When it comes to implementing data privacy and meeting compliance requirements, organizations shouldn’t think of it as a cost but rather as an opportunity to grow the business.
That’s a key finding in the Cisco 2019 Data Privacy Benchmark Study, released on Jan. 24. The report is based on a global study of more than 3,200 global security and privacy professionals around the world. Among the high-level observations in the study is that 97 percent of businesses reported they receive auxiliary benefits from their privacy investments, including competitive business advantage.
“Not only is privacy good for business, but good privacy is great for business,” Michelle Dennedy, chief privacy officer at Cisco, told eWEEK.
Dennedy added that organizations that are investing in the people process and technology around data privacy management and awareness are seeing improved business outcomes.
Data privacy has a direct impact on the sales process, with organizations often encountering sales delays due to customer data privacy concerns. The good news though is that organizations’ improved focus on data privacy has reduced the average sales delay due to data privacy concerns down from 7.8 weeks in last year’s report to 3.9 weeks in 2019.
Among the most impactful privacy events in recent memory is the implementation of the European Union’s General Data Protection Regulation (GDPR) which went into effect in May 2018. With GDPR, organizations in the EU and those that do business in the EU are mandated to comply with data privacy regulations that carry stiff penalties for noncompliance. The study found that 97 percent of global respondents believe GDPR applies to their organization.
When it comes to compliance, the Cisco study found that 59 percent of surveyed organizations are currently meeting most or all GDPR requirements. An additional 29 percent of organizations expect to be compliant with GDPR within a year.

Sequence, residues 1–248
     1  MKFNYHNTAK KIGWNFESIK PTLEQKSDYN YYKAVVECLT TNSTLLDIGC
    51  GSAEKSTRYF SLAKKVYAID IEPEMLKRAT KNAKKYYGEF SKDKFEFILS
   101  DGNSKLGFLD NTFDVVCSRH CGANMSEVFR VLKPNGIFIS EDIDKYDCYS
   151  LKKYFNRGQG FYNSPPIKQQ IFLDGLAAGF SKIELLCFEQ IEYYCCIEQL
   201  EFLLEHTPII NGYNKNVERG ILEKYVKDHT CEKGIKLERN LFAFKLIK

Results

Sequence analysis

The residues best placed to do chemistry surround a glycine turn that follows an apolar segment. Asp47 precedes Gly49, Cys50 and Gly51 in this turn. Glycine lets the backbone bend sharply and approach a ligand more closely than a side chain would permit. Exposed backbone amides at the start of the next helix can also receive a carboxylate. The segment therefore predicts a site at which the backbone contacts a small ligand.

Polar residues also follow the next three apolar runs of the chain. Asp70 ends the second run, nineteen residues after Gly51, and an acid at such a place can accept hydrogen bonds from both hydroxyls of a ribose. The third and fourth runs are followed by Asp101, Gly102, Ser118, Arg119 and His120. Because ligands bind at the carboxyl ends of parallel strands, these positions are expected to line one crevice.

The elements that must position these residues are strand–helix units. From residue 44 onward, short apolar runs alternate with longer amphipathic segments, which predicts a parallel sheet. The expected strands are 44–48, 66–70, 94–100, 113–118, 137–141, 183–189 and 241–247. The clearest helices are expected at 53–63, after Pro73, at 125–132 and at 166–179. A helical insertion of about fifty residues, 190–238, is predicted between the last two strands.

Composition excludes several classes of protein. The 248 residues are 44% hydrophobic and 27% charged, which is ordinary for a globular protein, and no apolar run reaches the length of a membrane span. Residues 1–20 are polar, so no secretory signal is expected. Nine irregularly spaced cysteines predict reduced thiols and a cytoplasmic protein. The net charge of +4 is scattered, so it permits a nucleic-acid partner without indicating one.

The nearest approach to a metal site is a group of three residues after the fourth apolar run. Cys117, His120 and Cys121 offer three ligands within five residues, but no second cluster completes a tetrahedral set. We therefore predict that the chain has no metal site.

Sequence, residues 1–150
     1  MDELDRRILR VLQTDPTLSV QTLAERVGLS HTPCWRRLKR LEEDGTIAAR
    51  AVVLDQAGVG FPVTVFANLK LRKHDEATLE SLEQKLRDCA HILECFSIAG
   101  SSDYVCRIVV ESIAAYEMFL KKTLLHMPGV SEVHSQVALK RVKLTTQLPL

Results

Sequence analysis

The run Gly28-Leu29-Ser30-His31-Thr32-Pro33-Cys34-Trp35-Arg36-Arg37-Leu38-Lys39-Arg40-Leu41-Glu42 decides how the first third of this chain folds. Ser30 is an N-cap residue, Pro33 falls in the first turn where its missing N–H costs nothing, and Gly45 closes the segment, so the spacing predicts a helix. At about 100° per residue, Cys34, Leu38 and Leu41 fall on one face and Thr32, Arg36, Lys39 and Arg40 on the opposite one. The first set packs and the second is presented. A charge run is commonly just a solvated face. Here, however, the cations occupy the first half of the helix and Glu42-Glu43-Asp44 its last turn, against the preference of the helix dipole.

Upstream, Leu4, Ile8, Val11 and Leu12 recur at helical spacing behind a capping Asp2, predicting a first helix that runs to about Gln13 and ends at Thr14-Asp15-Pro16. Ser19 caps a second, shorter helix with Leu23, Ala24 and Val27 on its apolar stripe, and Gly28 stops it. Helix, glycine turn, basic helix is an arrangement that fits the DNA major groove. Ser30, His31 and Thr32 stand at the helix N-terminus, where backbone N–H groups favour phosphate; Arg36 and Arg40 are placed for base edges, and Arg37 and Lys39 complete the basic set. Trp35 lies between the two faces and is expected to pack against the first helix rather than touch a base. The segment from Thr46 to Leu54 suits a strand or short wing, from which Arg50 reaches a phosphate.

Dennedy commented that GDPR has had a tangible impact on data privacy practices and attitudes around the world.
“I think the interesting thing is when you see places like Japan and China and other places all responding and we see how intricate that data is around the globe,” she said.
One way to improve data security is not collecting some forms of personally identifiable data in the first place, some privacy experts recommend. After all, if data is not collected, then it can’t be lost or stolen.
“Maybe we should have the KonMari approach to data curation: Does this data bring you joy? And is it working for you?” Dennedy said.
The KonMari method is an approach to keeping a space tidy developed by Marie Kondo and popularized in her books and Netflix show.
In recent years, many organizations have been collecting more data and treating that data as an asset, according to Dennedy. The evolution of the concept of big data, which analyzes troves of unstructured data, is one of the many offshoots of the data collection culture that has developed, she said.
“It turns out if you haven’t curated your data, you don’t know your data sources and you aren’t thinking about what data you should have, what data you need and what outcomes you want based on data,” Dennedy said. “If you can’t answer those hard questions, then you don’t have a data lake—you have a swamp, and it’s a stinky one.
“I still advise people, if you don’t need it, don’t collect it,” she said.
Sean Michael Kerner is a senior editor at eWEEK and InternetNews.com. Follow him on Twitter @TechJournalist.